Handling Tips
Choosing a pomegranate should not be difficult. Prefer a larger one ( as they are juicier) with a healthy skin which should be thin, tough and unbroken. A simple way of separating the seeds is to cut the crown and lightly cut the rind at sections. Immerse it in water for five minutes and break the sections under water which will allow the seeds to settle at the bottom while the pithy skin and the membrane will float.

You must, however, handle the pomegranate with care. The color is fast-no pun intended and will stain, probably forever, whatever it touches. Also, never cut a pomegranate with steel or any other metal knife, because the juice will acquire a bitter taste. But don't feel discouraged. Plastic or wooden juicers are available, as are plastic or wooden knives, forks and spoons. The juice is delicious, and worth the effort of special attention.

No matter how you decide to use this ruddy red fruit, keep in mind that it is permissible to pluck out the seeds with your fingers, just as the ancients did. Messy ? A little, but there is consolation in the old saying that fingers were invented before forks. Try it, anyway. And you can also make a small hole in the fruit, squeeze out the juice, and let it flow into your mouth. Then you will know why the pomegranate is seemingly immortal.

Homeopathic Applications
Pomegranates are classified as sweet, sour and sweet-sour. They are highly nutritious and contain energy giving proteins, lime, iron and phosphorus. Sour and sweet-sour pomegranates are very effective in relieving gastric heat and are particularly recommended for people with a bilious nature. Most of the stomach complaints respond positively to sour and sweet but fresh pomegranates sprinkled with salt and pepper are the best. Pomegranate juice is a sure cure for diarrhea. If blood passes with stool in diarrhea, this too will be stopped by the use of fresh pomegranate juice.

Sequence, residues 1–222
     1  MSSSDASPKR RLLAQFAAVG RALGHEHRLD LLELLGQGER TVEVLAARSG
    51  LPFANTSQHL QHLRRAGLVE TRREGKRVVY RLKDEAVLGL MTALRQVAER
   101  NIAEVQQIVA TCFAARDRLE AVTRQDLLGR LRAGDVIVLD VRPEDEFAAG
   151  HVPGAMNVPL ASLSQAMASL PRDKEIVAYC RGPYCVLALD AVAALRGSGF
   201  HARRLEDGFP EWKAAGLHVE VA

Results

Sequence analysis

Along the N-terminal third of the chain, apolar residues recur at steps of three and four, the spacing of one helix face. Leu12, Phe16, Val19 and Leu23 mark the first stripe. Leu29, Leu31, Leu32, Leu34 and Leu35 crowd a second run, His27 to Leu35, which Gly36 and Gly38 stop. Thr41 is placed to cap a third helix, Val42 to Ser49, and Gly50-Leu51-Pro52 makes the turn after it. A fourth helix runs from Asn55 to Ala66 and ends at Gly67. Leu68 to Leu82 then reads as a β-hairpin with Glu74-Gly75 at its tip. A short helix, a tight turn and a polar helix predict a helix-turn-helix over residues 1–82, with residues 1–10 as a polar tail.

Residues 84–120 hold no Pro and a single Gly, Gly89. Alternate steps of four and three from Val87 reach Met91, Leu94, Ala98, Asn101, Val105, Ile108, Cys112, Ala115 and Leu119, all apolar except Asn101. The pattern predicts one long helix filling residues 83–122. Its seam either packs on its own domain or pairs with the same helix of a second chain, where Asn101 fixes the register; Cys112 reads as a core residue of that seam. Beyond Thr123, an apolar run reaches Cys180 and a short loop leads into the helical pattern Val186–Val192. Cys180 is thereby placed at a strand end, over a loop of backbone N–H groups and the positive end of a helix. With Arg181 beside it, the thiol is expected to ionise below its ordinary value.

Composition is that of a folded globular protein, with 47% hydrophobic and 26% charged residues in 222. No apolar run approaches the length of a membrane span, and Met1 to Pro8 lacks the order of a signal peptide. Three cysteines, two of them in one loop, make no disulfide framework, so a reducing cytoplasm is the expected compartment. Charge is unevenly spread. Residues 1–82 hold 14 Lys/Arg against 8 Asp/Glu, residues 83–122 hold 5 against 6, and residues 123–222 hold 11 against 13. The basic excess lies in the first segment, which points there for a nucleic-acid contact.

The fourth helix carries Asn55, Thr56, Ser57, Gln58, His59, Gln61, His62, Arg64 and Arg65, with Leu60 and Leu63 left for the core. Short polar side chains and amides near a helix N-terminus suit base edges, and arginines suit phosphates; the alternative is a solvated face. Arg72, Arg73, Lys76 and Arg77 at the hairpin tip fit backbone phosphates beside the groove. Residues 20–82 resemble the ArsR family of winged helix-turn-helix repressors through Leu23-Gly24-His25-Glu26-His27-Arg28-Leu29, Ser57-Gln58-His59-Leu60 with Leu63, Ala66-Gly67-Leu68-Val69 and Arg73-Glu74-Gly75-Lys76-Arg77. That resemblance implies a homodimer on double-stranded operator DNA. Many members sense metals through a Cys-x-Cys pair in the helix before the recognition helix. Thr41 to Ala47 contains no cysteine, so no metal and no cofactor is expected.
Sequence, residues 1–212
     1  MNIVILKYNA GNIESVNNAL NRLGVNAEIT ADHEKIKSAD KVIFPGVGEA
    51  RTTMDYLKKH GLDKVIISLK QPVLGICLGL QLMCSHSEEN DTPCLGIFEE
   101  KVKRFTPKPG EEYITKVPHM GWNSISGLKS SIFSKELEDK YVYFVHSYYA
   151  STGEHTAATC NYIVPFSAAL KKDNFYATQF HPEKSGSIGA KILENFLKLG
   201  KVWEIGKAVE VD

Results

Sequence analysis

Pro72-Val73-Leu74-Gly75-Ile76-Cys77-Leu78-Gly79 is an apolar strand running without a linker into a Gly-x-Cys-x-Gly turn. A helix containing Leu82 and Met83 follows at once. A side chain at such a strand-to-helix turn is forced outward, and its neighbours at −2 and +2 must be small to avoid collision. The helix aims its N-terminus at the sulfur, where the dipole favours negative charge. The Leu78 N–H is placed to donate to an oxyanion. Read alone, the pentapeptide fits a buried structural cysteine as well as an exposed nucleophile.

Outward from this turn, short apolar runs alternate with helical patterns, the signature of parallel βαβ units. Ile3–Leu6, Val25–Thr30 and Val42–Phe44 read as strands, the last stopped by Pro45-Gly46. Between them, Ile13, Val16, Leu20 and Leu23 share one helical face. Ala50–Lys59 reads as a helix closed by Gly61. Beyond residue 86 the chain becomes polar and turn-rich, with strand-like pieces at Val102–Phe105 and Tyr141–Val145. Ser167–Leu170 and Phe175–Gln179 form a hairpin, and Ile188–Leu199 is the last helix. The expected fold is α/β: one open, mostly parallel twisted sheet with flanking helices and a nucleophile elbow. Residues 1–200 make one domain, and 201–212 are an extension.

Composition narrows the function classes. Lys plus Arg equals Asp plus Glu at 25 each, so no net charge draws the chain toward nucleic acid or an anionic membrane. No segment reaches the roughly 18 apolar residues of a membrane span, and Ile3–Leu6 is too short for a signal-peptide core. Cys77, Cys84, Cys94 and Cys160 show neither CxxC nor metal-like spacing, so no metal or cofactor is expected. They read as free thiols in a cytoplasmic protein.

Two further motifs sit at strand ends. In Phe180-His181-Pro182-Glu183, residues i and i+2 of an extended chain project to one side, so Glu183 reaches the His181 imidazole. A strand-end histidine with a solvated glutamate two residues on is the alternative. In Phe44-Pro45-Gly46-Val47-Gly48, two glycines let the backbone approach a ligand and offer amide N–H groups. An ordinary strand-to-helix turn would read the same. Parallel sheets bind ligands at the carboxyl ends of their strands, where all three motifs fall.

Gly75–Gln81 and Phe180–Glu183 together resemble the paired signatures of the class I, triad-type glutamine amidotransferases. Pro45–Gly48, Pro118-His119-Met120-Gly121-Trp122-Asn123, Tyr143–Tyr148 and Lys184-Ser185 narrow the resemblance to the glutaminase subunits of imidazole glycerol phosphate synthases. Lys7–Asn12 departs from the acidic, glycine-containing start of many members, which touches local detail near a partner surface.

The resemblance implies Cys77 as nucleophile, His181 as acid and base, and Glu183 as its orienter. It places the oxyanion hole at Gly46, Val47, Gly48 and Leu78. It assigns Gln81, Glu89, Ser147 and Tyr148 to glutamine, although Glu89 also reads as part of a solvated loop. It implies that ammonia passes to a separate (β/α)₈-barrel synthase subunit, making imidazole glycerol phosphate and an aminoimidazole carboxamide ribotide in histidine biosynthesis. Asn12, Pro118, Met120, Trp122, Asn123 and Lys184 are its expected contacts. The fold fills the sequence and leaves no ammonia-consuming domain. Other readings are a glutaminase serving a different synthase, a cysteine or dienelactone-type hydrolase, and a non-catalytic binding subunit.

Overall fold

Complaints of chest pain and chronic cough find immediate relief with the administration of pomegranate that has been treated with almond oil. Having selected a proper pomegranate, drill a hole on the top and add pure almond oil. The fruit is then cooked on a low flame, preferably charcoal until the oil is fully absorbed. Sucking of such seeds eases chest troubles.

Women complaining of regular miscarriage may try fresh pomegranate flowers by crushing them in water and adding sugar to it. The syrup is strained and taken on an empty stomach for three consecutive days. The bark of the root of the pomegranate tree has a powerful germicidal action on tapeworms. The bark is boiled in water, strained and administered on an empty stomach and followed by two similar doses after an hourly interval. Men suffering from impotency should try the skin of pomegranate after drying, pounding and preparing a paste by mixing it with clarified butter (ghee). The paste is to be applied to the organs. Ancient Romans and Greeks made use of the pith taken from a pomegranate branch to prepare aphrodisiacs.

Pomegranate seeds are often dried and pounded along with dried ginger, white cumin and black salt in the ratio 5:I. The resultant powder is not only tasty but equally beneficial in digestion and increasing appetite. In a variety of children's ailment and more so in weaker children, pomegranates promote all round health. Pomegranate juice should be given for indigestion caused by walnuts and indigestion caused by sour pomegranates is removed by the use of sweet ones.

Make Pomegranate Juice
If using a blender, cut pomegranate crosswise, remove seeds with fingers or wooden spoon, and carefully discard transparent vesicles. Blend in batches until fruit is liquefied. Strain once through non-metallic sieve, then again through cheese cloth, into plastic, glass or ceramic bowl. If using juicer, cut pomegranate crosswise, remove vesicles and proceed. Iranians boil the juice and use the syrup for seasoning.